His feelings about Mick baffle me, though. He treads the line between a possibly carnal lust and the desire to be a fatherly figure to her, his thoughts discomfiting. There's a sense, though, that he legitimately cares for her deeply. Honestly, I can't say what's behind his character. He's complex and I couldn't get to the heart of him.
Then there's Jake Blount, a drunkard who wanders into town one day and just never leaves. Obnoxious and abrasive, at heart he's possessed by politics, or the theory behind politics. In curious opposition to another character, Benedict Mady Copeland – an African American doctor dying of a tuberculosis-like disease – the two approach each other like boxers in the ring, carefully circling. Though some of their beliefs seem compatible, neither can stand the other.
Copeland's dream is to advance the lives of black people, to grab what he thinks rightfully theirs, shaking off oppression. His great sorrow is his children. Named after rebellious figures such as Karl Marx, his intense insistence they take up his cause drives them away. He feels they're failures and they know his disappointment. But no matter how he tries he cannot hold off lecturing whenever he sees them, driving the wedge more and more deeply though his love for them is limitless.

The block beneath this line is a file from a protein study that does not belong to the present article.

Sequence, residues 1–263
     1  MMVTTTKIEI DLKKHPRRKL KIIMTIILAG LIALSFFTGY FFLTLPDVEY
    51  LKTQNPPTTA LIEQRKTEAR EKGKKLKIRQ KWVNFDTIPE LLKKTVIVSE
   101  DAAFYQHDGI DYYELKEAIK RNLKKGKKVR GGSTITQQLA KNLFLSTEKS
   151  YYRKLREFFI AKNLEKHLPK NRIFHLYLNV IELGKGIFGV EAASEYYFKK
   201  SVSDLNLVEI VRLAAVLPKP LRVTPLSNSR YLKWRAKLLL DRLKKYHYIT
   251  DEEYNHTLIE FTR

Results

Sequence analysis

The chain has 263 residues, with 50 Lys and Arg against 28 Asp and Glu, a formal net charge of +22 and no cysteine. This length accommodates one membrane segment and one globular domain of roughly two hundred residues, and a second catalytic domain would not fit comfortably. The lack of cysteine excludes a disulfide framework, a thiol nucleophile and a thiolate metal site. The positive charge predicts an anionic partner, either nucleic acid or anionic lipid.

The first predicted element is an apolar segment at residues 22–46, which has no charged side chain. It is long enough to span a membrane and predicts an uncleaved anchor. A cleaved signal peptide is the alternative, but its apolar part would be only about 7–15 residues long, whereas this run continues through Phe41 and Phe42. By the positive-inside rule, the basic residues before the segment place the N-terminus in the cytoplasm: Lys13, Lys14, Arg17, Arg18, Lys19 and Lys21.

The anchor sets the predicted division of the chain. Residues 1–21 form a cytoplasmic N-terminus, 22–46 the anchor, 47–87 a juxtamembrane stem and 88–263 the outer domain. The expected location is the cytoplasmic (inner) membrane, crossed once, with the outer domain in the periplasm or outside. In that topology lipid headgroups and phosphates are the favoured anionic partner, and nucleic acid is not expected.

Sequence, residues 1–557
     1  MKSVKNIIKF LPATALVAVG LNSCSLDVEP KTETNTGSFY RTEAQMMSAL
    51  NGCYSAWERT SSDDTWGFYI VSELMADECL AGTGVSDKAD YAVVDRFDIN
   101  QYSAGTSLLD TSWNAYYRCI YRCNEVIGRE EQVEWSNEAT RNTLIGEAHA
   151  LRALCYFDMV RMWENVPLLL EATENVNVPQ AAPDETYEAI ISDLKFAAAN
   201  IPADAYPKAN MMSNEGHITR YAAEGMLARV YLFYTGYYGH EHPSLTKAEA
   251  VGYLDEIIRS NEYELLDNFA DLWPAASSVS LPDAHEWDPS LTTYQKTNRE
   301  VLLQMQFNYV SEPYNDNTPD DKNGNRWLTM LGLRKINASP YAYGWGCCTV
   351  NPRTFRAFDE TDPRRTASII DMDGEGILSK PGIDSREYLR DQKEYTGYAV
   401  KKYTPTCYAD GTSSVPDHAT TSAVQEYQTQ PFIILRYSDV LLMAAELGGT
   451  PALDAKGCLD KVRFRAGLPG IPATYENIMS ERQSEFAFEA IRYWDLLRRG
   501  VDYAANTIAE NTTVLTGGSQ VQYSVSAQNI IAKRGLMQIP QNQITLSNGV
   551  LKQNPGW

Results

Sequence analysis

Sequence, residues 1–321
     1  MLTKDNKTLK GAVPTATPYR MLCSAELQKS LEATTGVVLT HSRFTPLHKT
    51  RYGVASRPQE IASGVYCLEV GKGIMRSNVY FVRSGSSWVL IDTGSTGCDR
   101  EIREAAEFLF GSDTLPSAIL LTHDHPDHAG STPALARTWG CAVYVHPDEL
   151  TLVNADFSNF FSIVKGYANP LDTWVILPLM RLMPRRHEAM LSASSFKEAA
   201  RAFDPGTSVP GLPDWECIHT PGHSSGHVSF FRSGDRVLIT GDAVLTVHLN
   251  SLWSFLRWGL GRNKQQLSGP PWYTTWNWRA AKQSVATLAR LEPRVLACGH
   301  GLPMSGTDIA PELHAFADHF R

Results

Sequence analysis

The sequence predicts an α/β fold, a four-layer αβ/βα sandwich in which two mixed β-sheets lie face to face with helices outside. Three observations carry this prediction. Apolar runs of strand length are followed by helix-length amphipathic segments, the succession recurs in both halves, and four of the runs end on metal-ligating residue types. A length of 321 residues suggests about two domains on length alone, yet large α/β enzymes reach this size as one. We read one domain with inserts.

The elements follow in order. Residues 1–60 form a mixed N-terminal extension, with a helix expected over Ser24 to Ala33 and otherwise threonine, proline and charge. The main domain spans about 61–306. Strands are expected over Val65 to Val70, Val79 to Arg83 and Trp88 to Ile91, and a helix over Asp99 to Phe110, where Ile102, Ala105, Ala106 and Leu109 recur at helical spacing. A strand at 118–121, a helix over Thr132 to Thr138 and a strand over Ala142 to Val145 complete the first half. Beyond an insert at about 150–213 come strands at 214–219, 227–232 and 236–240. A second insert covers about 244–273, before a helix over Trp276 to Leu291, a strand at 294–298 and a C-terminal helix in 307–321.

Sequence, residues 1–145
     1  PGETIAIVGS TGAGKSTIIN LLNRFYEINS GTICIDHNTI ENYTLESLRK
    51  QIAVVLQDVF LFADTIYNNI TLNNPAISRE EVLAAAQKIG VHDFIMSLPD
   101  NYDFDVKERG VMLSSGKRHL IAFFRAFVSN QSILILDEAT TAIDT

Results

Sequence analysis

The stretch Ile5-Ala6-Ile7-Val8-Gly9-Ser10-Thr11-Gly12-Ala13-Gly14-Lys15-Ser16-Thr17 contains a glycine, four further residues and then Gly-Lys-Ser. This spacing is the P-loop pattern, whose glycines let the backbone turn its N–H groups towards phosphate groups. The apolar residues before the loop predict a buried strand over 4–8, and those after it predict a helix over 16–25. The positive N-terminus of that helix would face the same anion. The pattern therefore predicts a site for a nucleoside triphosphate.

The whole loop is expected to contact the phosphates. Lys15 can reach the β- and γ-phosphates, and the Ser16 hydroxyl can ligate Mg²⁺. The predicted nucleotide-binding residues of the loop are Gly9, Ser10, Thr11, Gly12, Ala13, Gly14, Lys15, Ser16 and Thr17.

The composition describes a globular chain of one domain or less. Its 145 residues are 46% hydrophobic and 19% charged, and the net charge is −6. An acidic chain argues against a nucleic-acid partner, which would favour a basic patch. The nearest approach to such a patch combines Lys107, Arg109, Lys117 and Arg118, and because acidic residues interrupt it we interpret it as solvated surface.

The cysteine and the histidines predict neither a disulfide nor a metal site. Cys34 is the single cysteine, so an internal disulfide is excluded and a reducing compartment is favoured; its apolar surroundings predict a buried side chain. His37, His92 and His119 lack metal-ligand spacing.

The only character John Singer himself feels deeply about is another deaf-mute, Spiros Antonapoulos, his roommate and closest companion early in the book. The other man loses his sanity, following an unnamed illness, carted off to an asylum by his cousin, where he remains for the rest of the novel.
Why the deep kinship formed between Singer and the less-enamored Antonapoulos puzzles me. The shared disability and life on the outskirts of society could certainly act to pull them together but Antonapoulos is a grasping character, described as obese, oily and smelly. McCullers makes him as unlikeable as possible, yet Singer never loses his deep love for his "friend," even when Antonapoulos's mind slips away, becoming completely self-involved and oblivious to his friend's generosity and the purity of his love. Though John Singer is kind and welcoming to everyone who crosses his threshold, it's as if his life is dependent upon Spiros, the one person who cares least about him. The one person he's unable to save.
As a whole, the book is a treasure, a masterpiece. I could read it over and over and still not unravel all the nuances. What makes it more impressive is this was McCullers's first novel, written at age 23 and now ranked by the Modern Library as one of the Top 100 Books of the 20th Century.
Clearly, the author's own passion was writing her heart out in the short time she had, dying at 50 after a life plagued by illness. And this book, the only of her novels I've yet read, has waltzed itself into one of my favorite books of all time.
For more on the author:
"I live with the people I create and it has always made my essential loneliness less keen."
– Carson McCullers